Thursday, March 11, 2010

Comparative effectiveness

Comparative effectiveness research (CER) is the latest buzzword in my field, in large part because Obama has promoted it as an important component of healthcare reform and included $1 billion of funding for it in the stimulus bill. This Reuters article discusses a new study by Hochman  and McCormick finding that only 32% of drug studies published in top medical journals compare the effectiveness of existing treatments. Most of the time, studies compare the new drug to placebo because that's what the FDA requires. In other countries, such as the UK, health technology assessments are required that compare the new drug to the standard of care.

The study is published in this week's issue of JAMA - here's a link to the abstract.

Couple of thoughts:
  • They only looked at articles in the six top-ranked general medicine and internal medicine journals. If I were going to try to publish a comparative effectiveness study, I would think it probably wouldn't get in to a top-ranked general journal (JAMA, NEJM, etc.), so I'd probably target it to a specialty journal.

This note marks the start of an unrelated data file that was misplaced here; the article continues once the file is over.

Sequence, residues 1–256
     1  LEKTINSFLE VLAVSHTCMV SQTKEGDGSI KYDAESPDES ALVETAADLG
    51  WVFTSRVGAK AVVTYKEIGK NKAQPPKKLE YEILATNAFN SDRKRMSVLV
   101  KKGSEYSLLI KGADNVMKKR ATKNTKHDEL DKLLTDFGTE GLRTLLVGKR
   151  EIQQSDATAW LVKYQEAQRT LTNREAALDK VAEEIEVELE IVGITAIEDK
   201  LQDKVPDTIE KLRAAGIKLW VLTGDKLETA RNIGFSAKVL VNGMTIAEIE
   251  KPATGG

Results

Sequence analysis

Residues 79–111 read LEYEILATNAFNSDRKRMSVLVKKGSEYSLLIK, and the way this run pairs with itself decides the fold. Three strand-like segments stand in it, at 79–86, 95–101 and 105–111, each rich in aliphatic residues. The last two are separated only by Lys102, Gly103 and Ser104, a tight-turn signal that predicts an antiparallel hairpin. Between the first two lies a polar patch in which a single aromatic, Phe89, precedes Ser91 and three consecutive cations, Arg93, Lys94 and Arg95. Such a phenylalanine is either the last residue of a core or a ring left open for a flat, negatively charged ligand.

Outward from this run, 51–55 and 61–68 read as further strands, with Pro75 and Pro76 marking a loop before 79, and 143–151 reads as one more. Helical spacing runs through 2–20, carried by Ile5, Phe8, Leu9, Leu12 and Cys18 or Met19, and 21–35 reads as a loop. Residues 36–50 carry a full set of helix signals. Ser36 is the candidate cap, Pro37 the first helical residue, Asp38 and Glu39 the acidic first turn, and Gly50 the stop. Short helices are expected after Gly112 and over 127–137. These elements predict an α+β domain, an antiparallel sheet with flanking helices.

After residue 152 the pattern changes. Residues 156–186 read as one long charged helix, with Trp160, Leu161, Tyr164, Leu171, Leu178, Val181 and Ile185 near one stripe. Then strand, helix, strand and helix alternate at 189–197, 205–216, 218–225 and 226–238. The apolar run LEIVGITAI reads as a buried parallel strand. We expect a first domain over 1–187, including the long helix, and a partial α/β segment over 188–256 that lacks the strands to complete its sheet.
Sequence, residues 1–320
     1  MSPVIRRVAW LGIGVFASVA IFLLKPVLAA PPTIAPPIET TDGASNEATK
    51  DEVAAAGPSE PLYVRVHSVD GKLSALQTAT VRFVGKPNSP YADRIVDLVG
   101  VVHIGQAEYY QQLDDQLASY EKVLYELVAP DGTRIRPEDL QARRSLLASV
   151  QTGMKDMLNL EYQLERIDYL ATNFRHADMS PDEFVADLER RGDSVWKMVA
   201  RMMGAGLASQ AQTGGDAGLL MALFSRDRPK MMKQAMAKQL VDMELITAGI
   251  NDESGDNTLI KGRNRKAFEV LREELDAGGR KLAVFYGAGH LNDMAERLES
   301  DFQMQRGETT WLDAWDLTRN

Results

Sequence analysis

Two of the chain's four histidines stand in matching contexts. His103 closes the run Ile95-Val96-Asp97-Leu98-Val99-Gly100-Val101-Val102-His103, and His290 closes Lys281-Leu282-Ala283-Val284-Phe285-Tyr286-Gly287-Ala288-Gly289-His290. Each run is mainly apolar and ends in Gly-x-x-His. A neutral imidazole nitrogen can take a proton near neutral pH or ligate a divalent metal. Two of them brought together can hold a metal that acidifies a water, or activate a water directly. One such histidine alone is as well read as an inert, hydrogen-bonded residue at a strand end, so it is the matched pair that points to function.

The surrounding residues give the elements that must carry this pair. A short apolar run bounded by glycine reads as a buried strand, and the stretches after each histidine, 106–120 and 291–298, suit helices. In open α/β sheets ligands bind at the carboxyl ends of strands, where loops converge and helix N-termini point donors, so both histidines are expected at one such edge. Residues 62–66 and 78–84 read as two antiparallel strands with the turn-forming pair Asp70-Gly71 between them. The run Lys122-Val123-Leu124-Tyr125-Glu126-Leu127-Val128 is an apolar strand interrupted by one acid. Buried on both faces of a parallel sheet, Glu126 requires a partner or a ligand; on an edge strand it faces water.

• Pharma company-sponsored research often seems to be less favorably reviewed than academia-sponsored research, plus companies are often in a hurry and don't want to go through the excruciatingly long review processes at the top journals.
  • They point out the lack of cost-effectiveness (CE) studies. Again, if I were going to try to publish a CE study, JAMA and NEJM would be my last choice for a target journal unless I thought I had a real blockbuster... they just don't publish many CE studies.
In short, I think this study is majorly confounded by the conventions of the medical publishing world.

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